Next we create the ResourceManagerSql class. This class is very similar to the XML one, except that the LoadResources method interacts with SQL Server via the System.Data classes rather than XML files. We start with the constructor which, as we saw in the previous section, is dynamically called and passed a NameValueCollection:

private string connectionString;
private int cacheDuration;

public ResourceManagerSql(NameValueCollection parameters)
{
   if (parameters == null || parameters["connectionString"] == null)
   {
      throw new ApplicationException("ResourceManagerSql" + 
            " requires connectionString attribute in configuraiton.");
   }
   connectionString = parameters["connectionString"];

   //load the optional cacheDuration parameter, 
   //else we'll cache for 30 minutes
   if (parameters["cacheDuration"] != null)
   {
      cacheDuration = Convert.ToInt32(parameters["cacheDuration"]);
    }
    else
    {
       cacheDuration = 30;
    }
}

No magic is happening here, read the mandatory connectionString parameter (or throw an exception if there isn't one) and read the optional cacheDuration parameter or use a default value.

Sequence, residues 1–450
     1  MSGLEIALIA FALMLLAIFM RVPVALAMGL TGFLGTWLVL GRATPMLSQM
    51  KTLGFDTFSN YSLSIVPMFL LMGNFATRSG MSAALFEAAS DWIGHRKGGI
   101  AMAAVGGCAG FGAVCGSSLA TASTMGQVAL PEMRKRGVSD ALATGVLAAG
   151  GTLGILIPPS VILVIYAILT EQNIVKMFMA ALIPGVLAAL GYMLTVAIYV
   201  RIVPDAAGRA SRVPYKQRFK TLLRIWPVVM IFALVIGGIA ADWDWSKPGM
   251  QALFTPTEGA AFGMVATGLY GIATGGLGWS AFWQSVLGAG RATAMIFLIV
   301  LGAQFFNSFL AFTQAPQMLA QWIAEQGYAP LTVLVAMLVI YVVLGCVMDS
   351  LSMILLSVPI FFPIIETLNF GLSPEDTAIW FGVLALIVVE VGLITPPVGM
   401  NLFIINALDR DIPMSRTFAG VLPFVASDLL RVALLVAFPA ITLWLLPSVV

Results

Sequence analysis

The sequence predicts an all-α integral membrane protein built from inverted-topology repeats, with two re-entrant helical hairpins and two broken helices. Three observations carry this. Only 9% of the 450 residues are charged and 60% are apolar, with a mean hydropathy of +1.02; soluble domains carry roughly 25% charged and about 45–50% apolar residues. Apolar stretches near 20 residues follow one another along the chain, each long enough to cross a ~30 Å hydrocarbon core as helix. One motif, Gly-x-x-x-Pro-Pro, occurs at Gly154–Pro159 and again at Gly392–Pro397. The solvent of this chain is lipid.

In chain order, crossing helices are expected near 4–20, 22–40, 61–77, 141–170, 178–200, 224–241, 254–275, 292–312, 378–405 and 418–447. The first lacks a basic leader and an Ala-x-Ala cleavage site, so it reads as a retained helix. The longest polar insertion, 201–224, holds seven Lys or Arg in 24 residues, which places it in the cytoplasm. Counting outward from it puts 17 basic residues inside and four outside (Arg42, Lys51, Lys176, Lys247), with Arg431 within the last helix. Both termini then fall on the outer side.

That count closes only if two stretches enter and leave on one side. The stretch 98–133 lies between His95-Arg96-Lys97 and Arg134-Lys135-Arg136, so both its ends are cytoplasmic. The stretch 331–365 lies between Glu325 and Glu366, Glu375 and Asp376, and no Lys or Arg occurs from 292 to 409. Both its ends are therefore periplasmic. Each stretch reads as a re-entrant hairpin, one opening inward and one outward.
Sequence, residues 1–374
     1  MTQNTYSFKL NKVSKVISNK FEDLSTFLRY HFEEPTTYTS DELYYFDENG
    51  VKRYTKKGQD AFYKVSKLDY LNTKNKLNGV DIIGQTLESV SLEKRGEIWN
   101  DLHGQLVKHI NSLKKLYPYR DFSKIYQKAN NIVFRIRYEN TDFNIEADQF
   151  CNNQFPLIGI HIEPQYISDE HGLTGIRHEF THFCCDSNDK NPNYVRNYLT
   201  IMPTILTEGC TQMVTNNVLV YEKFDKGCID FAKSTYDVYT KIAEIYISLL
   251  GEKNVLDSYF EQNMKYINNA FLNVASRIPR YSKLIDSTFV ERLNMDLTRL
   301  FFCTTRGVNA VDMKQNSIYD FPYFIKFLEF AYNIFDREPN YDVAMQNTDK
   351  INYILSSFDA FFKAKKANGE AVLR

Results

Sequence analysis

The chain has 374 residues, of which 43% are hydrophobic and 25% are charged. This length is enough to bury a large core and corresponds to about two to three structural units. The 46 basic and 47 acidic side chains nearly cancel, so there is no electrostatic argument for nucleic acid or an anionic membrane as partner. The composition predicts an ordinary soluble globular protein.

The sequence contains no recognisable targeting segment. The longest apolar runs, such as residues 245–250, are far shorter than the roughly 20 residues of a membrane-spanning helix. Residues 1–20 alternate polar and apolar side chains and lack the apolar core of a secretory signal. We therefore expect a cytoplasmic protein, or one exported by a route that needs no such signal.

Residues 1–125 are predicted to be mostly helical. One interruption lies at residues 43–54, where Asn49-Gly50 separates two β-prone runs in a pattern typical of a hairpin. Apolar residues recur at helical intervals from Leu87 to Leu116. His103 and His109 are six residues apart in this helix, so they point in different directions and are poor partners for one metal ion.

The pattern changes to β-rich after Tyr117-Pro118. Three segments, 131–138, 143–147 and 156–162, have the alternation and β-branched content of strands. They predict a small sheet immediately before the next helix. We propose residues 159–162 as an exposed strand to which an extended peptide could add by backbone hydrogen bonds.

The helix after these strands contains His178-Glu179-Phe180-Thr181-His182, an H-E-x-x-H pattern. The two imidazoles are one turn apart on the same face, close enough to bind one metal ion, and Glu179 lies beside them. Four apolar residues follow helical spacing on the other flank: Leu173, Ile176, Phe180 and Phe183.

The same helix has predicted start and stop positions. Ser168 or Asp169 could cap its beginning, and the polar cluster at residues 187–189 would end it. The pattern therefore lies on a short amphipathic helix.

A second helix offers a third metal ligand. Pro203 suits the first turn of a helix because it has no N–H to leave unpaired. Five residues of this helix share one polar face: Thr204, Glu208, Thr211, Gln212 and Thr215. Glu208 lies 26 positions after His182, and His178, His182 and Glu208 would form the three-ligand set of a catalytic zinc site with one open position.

Since our class inherits from ResourceManager, it must implement the RetrieveString method. This method is identical to the XML equivalent:

protected override string RetrieveString(string key)
{
   NameValueCollection messages = GetResources();
   if (messages[key] == null)
   {
      messages[key] = string.Empty;
#if DEBUG
      throw new ApplicationException("Resource value" + 
                         " not found for key: " + key);
#endif
   }
   return messages[key];
}

The real difference happens in the GetResources and LoadResources methods:

private NameValueCollection GetResources()
{
   string currentCulture = ResourceManager.CurrentCultureName;
   string defaultCulture = LocalizationConfiguration.GetConfig().DefaultCultureName;
   string cacheKey = "SQLLocalization:" + defaultCulture + ':' + currentCulture;
   NameValueCollection resources = (NameValueCollection) HttpRuntime.Cache[cacheKey];
   if (resources == null)
   {
      resources = LoadResources(defaultCulture, currentCulture);
      HttpRuntime.Cache.Insert(cacheKey, resources, null, 
                  DateTime.Now.AddMinutes(cacheDuration), 
                              Cache.NoSlidingExpiration);
   }
   return resources;
}

private NameValueCollection LoadResources(string defaultCulture, 
                                          string currentCulture)
{
   SqlConnection connection = null;
   SqlCommand command = null;
   SqlDataReader reader = null;
   NameValueCollection resources = new NameValueCollection();
   try
   {
      connection = new SqlConnection(connectionString);
      command = new SqlCommand("LoadResources", connection);
      command.CommandType = CommandType.StoredProcedure;
      command.Parameters.Add("@DefaultCulture", 
              SqlDbType.Char,5).Value = defaultCulture;
      command.Parameters.Add("@CurrentCulture",